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Matryoshka

Semenov Nested Doll – Russian Legacy

Literally “little matron”, Matryoshka is a diminutive form of Russian female first name “Matryona” — Матрёна — or “Matryosha”. Since 1890, it is the commonly used name of a set of wooden dolls of decreasing size placed one inside another — other names are babushka dolls, stacking dolls, nesting dolls, Russian tea dolls, or Russian dolls. Anyway, despite the fact that nesting dolls gained worldwide exposure and popularity from Russia, there is physical proof that the idea of the nesting of dolls inside one another has existed since the beginning of the first millennium — the Chinese invented the nesting of wooden boxes inside one another in 1000 AD, and their approach soon emigrated to Japan, which they then implemented the idea to create the wooden dolls of their own deities.

The first Russian nested doll set was carved at the Children’s Education Workshop by Vasily Zvyozdochkin and designed and painted by Sergey Malyutin — who was a folk crafts painter in the Abramtsevo estate of Savva Mamontov, a Russian industrialist and patron of arts. It consisted of eight dolls: the outermost was a mother in a traditional dress holding a red-combed rooster, while the inner dolls were her children, girls and a boy, and the innermost a baby. The shape of the biggest doll was inspired by a mother’s portly figure depicting her fertility and her significance as the center of the traditional Russian family. Her ability to carry and conceive her sons and daughters.

First Russian nested doll set by Vasily Zvyozdochkin and Sergey Malyutin (1890)

The Children’s Education Workshop was closed in the late 1890s, but the tradition of the matryoshka simply relocated to Sergiyev Posad, the Russian city known as a toy-making center since the fourteenth century. Another place that greatly contributed to matryoshka history is the small town of Semyonov, in Nizhny Novgorod province.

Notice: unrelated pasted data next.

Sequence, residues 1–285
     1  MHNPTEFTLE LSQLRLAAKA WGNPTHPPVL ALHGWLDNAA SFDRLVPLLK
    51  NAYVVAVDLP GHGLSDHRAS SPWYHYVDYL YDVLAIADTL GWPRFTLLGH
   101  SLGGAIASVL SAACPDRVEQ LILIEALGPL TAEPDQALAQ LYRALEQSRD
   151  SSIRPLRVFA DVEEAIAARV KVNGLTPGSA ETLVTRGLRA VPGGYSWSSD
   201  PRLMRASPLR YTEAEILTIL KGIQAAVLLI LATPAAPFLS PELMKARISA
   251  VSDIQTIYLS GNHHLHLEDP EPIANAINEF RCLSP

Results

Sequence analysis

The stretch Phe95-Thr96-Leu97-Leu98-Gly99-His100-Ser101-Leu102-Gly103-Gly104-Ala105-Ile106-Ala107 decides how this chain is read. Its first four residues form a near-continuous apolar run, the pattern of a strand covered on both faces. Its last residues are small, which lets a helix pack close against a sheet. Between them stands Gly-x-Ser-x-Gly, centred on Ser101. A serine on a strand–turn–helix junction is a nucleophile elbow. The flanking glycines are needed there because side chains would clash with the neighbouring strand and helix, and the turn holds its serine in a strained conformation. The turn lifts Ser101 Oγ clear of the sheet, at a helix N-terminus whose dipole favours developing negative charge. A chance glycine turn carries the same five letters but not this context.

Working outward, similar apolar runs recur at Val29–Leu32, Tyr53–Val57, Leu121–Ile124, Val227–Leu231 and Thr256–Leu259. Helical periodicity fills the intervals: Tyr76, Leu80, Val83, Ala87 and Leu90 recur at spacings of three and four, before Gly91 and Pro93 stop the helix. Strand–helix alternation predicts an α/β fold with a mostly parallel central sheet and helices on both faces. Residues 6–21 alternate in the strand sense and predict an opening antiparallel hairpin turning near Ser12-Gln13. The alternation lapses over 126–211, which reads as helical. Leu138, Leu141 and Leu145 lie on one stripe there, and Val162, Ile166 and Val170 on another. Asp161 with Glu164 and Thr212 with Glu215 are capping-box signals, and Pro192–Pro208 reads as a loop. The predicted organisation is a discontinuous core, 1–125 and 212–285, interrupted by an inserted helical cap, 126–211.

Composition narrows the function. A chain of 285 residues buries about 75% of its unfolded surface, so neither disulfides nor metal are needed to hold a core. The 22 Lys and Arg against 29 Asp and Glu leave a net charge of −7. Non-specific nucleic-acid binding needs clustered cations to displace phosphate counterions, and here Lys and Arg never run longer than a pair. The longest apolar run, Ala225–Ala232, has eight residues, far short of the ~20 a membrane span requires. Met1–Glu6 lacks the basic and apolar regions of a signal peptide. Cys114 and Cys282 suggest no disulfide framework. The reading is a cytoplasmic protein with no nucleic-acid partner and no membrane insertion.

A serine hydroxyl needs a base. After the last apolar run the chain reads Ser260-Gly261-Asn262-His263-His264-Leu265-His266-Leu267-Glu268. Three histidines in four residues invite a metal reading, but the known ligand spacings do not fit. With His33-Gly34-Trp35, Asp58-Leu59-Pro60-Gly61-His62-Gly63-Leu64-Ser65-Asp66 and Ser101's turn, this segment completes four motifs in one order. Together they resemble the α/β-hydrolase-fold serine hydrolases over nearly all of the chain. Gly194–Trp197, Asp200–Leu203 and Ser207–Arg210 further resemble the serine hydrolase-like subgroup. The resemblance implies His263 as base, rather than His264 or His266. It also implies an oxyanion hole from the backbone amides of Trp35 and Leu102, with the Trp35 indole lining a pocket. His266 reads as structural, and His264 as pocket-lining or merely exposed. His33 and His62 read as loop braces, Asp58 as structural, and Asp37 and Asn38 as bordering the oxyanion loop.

Savva Mamontov’s wife, Elizaveta Mamontova, is thought to have played a key part in the matryoshka dolls’ popularity. Many historians believe that she was the one to bring them to the Exposition Universelle, a world fair held in Paris, in 1900, where the toy earned a bronze medal.

Soon after, matryoshka dolls were being made in several places in Russia and shipped around the world, inspiring various versions and fields. Traditional designs are still being followed, but over time the designs and patterns have evolved. Nesting dolls created in the present time can be designed with cartoon characters, political personalities, celebrities, nature, and animals, even customized to someone’s own family.

Creepy Dead Nesting Doll – AndDolls
Anatomical Nesting Dolls for the Rothick Art Haus – Jason Levesque
Marvel, Rock Band, Sexy and South Park Nesting Dolls by MirMatryoshki
MatryoshkaJoseph Nowak
One Ticket… Really? – Wayno
Nesting Christmas Present – Liam Walsh
Modern MatryoshkaDave Coverly
It’s a Matryoshka – Paul Noth
MatryoshkabirthDan Piraro
My Nephew Cosplaying as a Matryoshka Doll (South Korea) – Samsok
mARTryoshka (Kiss) – Ege Islekel
Sheik Family Nesting Doll Set (India)
Life and Death – Lacey Bryant
Horror Movie Villians Nesting Doll Set – Roxanne
The Beatles, Klimt, Strip and Queen Nesting Dolls – Saint-Petersburg Global Trade House
Nutcracker Soldier Nesting Doll
Frida Nesting Doll – AndDolls
Monroe Nesting Doll – Saint-Petersburg Global Trade House
Creepy Girls Nesting Doll – AndDolls
Halloween Nesting Doll Set – Morbid Enterprises

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  1. Pingback: Frida – Indepest

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